Phenylketonuria (PKU) is a serious, congenital, lifelong metabolic disease caused by a defect in the phenylalanine hydroxylase (PAH) enzyme. The role of PAH is to break down excess phenylalanine in the body. Phenylalanine is a necessary part of the human diet and is naturally occurring in all kinds of dietary protein.
In people without PKU, the PAH enzyme converts any excess phenylalanine in the body into the amino acid tyrosine. However, in people suffering from PKU, the lack of PAH enzyme activity allows phenylalanine to accumulate in blood and tissues to abnormally high levels, which is toxic to the brain.
If left untreated, PKU in children and young people leads to irreversible brain damages. In adults, high level of Phe in the blood and tissues causes classic intoxication symptoms such as concentration difficulties, irritability, headache, etc. Permanent neurological damages may also occur if adults are exposed to high blood phenylalanine for longer time, but this is still subject to investigation.
PKU can be diagnosed at birth and is commonly included in newborn screening programs in most developed countries. All newborns diagnosed must immediately follow a very strict, lifelong protein-limited diet in order to develop normally. The diet severely restricts or eliminates foods high in protein, such as bread and pasta, egg, all dairy products, all types of meats and fish, legumes, etc., while starchy foods, such as potatoes and corn, are acceptable in controlled volumes although the quantity of Phe consumed from these foods must be monitored.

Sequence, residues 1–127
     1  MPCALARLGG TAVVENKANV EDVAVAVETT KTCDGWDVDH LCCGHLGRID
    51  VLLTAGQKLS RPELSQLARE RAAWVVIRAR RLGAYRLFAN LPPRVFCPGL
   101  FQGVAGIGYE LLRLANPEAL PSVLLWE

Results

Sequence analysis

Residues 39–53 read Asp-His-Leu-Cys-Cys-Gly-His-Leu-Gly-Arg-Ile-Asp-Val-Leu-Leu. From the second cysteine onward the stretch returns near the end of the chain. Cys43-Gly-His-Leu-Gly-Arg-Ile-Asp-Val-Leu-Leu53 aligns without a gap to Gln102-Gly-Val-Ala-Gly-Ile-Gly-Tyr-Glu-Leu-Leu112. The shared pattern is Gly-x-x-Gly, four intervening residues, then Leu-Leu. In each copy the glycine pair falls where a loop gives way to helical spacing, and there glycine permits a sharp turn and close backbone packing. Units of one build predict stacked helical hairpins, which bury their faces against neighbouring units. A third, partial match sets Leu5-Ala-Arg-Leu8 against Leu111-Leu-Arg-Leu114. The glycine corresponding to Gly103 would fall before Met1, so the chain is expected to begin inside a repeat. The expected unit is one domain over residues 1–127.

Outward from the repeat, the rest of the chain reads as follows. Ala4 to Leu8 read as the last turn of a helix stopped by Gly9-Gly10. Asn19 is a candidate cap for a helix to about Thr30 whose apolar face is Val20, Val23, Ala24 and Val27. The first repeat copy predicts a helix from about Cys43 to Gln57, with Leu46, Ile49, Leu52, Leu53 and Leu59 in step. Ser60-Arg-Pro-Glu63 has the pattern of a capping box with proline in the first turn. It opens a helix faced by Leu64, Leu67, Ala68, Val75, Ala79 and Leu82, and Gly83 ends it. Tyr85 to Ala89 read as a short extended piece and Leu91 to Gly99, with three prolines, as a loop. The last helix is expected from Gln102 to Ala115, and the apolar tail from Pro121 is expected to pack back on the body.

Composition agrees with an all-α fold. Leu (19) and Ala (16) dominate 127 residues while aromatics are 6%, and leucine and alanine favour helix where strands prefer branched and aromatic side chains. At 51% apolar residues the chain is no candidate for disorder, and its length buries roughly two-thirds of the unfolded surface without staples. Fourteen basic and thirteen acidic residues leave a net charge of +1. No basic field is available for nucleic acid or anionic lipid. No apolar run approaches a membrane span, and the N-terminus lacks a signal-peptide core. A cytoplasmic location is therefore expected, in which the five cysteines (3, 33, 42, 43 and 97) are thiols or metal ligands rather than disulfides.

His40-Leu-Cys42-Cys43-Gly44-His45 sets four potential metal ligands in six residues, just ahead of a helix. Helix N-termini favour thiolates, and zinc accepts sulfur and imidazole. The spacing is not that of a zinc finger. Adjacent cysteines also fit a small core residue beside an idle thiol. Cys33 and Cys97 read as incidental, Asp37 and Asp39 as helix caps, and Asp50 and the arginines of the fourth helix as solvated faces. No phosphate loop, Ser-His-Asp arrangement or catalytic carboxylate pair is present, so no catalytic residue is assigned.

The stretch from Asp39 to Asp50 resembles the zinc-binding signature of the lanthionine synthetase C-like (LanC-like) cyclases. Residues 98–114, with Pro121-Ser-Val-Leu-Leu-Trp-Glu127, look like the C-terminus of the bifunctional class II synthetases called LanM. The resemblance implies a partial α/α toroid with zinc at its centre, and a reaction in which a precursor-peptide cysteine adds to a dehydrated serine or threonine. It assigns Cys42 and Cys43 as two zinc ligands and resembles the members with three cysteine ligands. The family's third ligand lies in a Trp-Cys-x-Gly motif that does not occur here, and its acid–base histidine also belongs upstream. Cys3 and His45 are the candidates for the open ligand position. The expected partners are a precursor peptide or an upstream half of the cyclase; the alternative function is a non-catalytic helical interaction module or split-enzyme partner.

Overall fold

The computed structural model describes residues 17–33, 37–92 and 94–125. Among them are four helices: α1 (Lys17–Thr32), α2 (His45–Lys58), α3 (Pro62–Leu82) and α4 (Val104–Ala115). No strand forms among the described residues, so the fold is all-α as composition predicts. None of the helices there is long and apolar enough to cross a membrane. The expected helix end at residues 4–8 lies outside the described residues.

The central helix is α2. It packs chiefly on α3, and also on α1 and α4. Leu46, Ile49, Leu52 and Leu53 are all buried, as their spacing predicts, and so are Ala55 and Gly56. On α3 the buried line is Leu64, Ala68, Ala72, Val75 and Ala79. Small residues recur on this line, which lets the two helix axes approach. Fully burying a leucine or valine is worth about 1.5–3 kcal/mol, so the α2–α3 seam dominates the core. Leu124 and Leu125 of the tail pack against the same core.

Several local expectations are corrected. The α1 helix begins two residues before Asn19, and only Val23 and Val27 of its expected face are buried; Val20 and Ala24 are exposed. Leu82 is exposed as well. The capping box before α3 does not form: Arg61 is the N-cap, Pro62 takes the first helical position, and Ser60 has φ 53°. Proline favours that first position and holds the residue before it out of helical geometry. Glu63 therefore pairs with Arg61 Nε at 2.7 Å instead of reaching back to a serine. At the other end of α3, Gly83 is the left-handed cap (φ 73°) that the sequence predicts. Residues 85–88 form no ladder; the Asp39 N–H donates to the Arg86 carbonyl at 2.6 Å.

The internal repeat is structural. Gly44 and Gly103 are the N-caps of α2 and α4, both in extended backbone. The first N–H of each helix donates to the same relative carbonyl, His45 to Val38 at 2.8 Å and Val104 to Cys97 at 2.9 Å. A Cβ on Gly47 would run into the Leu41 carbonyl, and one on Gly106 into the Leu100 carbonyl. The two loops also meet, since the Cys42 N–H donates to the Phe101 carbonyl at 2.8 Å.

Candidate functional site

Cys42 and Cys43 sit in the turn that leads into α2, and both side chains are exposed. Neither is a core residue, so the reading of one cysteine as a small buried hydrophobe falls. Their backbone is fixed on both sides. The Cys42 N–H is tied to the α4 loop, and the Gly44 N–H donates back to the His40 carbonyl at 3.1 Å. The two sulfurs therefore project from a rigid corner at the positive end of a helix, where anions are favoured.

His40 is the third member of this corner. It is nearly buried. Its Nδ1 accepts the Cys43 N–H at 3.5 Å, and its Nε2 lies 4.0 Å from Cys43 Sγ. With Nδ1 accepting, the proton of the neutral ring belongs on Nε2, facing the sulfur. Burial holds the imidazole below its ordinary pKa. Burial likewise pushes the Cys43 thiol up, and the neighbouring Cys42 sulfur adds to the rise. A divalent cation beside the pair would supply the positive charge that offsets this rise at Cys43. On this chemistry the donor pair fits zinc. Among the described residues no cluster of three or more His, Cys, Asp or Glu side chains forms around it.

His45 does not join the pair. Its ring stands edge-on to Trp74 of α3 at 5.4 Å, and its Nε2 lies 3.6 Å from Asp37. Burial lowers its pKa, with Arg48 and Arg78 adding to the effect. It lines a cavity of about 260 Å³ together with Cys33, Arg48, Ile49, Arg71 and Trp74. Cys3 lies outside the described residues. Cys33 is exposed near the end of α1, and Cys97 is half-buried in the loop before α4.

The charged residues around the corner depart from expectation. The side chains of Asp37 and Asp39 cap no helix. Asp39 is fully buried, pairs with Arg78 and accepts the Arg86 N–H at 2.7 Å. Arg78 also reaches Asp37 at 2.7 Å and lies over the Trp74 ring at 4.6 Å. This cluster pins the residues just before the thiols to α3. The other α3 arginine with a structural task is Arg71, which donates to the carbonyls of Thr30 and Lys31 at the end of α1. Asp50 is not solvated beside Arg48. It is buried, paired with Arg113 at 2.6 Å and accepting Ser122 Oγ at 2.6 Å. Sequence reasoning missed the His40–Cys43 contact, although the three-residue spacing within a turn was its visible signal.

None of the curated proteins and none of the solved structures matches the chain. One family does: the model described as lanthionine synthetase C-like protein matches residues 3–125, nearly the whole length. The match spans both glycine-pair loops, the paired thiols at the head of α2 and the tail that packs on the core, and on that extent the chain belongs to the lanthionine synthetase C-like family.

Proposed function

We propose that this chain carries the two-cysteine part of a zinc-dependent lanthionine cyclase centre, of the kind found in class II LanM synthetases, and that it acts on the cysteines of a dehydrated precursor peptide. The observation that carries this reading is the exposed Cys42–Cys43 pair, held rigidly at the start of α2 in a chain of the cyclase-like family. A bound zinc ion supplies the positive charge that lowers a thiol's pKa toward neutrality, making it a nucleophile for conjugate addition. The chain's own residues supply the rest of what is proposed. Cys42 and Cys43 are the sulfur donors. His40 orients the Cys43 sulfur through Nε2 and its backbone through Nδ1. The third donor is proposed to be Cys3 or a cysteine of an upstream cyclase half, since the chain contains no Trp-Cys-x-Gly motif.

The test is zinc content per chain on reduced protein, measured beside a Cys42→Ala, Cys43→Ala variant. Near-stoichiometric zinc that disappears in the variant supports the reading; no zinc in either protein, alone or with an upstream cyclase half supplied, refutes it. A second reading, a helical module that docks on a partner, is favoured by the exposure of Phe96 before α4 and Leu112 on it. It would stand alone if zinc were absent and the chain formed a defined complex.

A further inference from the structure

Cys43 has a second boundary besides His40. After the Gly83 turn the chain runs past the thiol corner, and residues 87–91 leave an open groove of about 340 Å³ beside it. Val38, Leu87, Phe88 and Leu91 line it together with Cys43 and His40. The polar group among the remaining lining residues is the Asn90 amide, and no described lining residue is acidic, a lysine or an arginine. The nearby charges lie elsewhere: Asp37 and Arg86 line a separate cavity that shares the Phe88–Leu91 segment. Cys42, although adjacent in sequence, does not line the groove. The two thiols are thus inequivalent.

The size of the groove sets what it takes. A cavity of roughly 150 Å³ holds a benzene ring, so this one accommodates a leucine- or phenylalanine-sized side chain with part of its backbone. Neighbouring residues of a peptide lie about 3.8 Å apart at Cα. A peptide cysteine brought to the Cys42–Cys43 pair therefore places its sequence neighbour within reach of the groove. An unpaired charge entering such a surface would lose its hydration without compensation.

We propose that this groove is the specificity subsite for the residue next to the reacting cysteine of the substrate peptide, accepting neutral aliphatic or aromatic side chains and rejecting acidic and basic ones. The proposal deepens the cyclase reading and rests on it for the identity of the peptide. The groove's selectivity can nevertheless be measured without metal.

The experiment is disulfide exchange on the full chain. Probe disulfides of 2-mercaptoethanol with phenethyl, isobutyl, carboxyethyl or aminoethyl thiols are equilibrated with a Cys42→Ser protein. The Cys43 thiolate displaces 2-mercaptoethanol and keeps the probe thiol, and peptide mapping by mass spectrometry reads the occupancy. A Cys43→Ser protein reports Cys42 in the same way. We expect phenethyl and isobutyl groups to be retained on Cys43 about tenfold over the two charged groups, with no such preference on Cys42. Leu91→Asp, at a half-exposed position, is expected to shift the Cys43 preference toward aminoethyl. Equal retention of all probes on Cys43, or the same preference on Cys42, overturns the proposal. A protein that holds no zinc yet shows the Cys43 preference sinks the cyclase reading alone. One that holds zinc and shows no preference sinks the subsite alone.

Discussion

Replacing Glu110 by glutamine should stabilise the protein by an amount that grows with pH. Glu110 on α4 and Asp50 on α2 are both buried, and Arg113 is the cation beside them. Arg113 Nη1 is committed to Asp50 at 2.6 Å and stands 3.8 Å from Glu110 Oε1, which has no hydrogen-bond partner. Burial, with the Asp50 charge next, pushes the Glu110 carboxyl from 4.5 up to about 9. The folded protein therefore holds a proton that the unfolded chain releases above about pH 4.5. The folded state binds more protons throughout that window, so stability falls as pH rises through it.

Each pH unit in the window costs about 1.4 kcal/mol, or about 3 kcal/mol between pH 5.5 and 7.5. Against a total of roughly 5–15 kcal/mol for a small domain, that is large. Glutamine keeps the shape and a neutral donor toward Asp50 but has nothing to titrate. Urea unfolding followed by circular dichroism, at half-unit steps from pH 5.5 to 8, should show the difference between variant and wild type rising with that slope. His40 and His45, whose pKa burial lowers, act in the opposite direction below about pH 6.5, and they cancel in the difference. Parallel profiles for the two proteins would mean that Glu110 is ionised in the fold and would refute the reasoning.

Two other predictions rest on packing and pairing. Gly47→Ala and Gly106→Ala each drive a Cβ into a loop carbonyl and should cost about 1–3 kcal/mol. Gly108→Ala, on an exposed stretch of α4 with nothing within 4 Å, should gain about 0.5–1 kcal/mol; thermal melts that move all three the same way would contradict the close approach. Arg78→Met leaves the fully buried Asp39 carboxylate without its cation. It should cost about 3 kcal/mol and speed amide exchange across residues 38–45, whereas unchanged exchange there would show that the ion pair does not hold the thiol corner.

Figure 2. Mechanism of Phenylketonuria, PKU. If phenylalanine is not metabolized via conversion by PAH to tyrosine it accumulates in the blood and tissue to toxic levels.
Regular blood tests are required to determine the effects of dietary Phe intake on blood Phe level. Supplementary “protein substitute” tablets, typically up to 250 tablets per day per patient, are prescribed to provide the amino acids, and other necessary nutrients, that is lacking in a low-protein diet.
PKU represents an unmet medical need affecting at least 50,000 diagnosed patients under the age of 40 years in North America and EU alone. Compliance to the diet is challenging, especially for younger patients. Normalization of the eating situation would according to key opinion leaders improve compliance significantly.